Unlike earlier versions, the National Plan hardly talks about the traditional ways of growing participation in sport (through NSOs and SSOs) but rather, outlines a required focus on ensuring that all Australian children have the skills, confidence and motivation to be active for life and safe in the water. This can also be done by reducing barriers to sport and physical activity participation. And note the structural inclusion of ‘physical activity’ throughout the document – an acknowledgement that before sport participation comes confidence and desire to be physically active. There is also emphasis in the plan on investing in sport and recreation facilities – not merely ‘build it and they will come’, but with a focus on ‘universal design’ so that sport is accessible to all Australians.

In regard to the sport industry as a whole, there is an acknowledgement that some existing practice, like hosting and organising major sporting events in Australia and extending Australia’s sport diplomacy strategy, will require continued support and investment. More novel though are the intentions to collect data, evidence and insights to promote how active, sporting and healthy Australians are and could be, and also to actively increase the sport industry workforce capabilities. These latter intentions offer tremendous scope for Universities, but also for vocational and secondary school providers to partner with Sport Australia.

Last but not least… safeguarding the integrity of sport. At the foundation of this should be contemporary and efficient governance systems. Highlighted in the plan is also a focus on protecting children in sporting environments – an open acknowledgement that there are (and may be more) problems underneath the veil of a club-based delivery system of sport. A system that is insufficiently equipped and prepared for predators using the cover of ‘fun and healthy sport’ to satisfy their sick desires. Or indeed, physical sporting environments that do not live up to the health and safety standards that ensure an acceptable level of injury risk.

However, the major advancement of Australian sport may well come from the recommendations outlined in the Review of Australia’s Integrity Arrangements, in short, the Wood Review. There are 52 recommendations for the Australian government to consider, covering five action themes that go to the heart of integrity (safeguarding). First a National Sports Integrity Commission should be established, resourced and equipped to be the single platform that regulates, monitors, develops and delivers policy around integrity. Second, the Review recommends the establishment of an independent National Sports Tribunal, including an anti-doping, general, and appeals division. Third, the Review recommends deeper investment in the Australian Sports Anti-Doping Authority (ASADA) to invest in anti-doping education and outreach to younger athletes, and to streamline anti-doping procedures and change the ASADA-Act to more effectively carry out the organisation’s duties. Fourth, the government should establish an Australian Sports Wagering Scheme, governed and run by the new Integrity Commission, to ensure that wagering legislation and policy is formulated, guided and executed in a transparent and consistent manner. Finally, at the core of the matter, Australia should sign up to the Council of Europe Convention on the Manipulation of Sports Competitions (the Macolin Convention) as a first step towards a strong response to match fixing and the corruption that is underpinned by it. This will allow better international engagement in combatting match-fixing and illegal gambling, but equally important, drive the national discussion and agenda on tackling the range of criminal behaviours that threaten sport’s integrity.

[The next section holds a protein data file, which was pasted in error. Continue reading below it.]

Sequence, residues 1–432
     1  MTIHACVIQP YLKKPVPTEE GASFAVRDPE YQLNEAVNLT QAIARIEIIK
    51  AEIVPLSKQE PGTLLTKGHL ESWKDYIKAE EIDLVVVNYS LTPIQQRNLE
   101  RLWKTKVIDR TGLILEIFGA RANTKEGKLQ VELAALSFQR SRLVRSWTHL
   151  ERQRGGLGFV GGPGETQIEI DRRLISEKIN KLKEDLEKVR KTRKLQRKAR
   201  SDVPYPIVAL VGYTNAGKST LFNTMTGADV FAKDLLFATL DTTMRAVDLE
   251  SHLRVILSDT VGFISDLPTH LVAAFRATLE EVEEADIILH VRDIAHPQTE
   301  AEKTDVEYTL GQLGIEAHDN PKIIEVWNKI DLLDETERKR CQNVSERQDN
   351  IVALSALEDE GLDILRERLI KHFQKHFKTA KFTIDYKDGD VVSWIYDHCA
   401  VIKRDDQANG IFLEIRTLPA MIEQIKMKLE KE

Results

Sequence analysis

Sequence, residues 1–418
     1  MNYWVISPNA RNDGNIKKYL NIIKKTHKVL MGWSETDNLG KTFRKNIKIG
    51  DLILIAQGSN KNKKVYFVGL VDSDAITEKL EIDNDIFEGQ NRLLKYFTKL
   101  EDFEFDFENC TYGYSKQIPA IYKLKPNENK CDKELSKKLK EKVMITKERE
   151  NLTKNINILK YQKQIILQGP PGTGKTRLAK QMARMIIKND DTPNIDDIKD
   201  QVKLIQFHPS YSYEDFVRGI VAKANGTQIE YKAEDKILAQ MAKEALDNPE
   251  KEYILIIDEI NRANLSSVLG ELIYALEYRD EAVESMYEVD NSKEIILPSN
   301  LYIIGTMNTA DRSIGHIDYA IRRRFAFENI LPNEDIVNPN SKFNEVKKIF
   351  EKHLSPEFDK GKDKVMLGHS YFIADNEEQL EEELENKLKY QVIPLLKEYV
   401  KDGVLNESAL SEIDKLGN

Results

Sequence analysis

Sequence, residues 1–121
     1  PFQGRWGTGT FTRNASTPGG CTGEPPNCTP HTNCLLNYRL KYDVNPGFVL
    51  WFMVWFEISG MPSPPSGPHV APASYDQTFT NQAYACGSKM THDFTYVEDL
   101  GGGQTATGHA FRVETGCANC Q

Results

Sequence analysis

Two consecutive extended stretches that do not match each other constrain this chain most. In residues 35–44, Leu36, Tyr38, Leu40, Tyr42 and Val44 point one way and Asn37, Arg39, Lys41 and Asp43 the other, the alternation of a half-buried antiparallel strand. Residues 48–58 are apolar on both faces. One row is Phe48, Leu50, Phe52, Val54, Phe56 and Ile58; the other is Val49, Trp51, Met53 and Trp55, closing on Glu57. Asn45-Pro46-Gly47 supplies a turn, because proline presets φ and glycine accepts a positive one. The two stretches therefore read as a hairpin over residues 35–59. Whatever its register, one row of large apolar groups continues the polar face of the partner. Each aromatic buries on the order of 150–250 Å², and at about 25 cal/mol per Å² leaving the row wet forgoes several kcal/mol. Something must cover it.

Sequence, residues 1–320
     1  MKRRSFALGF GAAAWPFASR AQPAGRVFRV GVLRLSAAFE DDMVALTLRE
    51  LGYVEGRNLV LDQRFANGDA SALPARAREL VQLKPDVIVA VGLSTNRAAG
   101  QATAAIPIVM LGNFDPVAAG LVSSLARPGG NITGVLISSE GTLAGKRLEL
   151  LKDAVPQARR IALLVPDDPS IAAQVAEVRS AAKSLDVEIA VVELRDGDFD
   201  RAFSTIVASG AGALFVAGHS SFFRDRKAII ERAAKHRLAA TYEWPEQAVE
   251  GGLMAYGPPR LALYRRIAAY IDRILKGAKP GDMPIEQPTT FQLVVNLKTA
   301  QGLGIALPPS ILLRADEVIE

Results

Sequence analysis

The proof is in the pudding – good old adage – and as such, very true. Where from here? How will Sport Australia’s management and governors take this ambitious, and enlightening plan to the next phase, and find the resources to implement it in a sustainable fashion, so that its effect can be traced all the way to 2030 and beyond? This is an opportunity for a bold, forward and long term thinking government, way beyond their electoral survival, to invest in the wellbeing and welfare of Australians for generations to come. Not only will this bring medals to Australian young athletes, but it will make Australia’s education and health policies the envy of the obese and sedentary (rest) of the world, and indeed safeguard the future of the lucky country.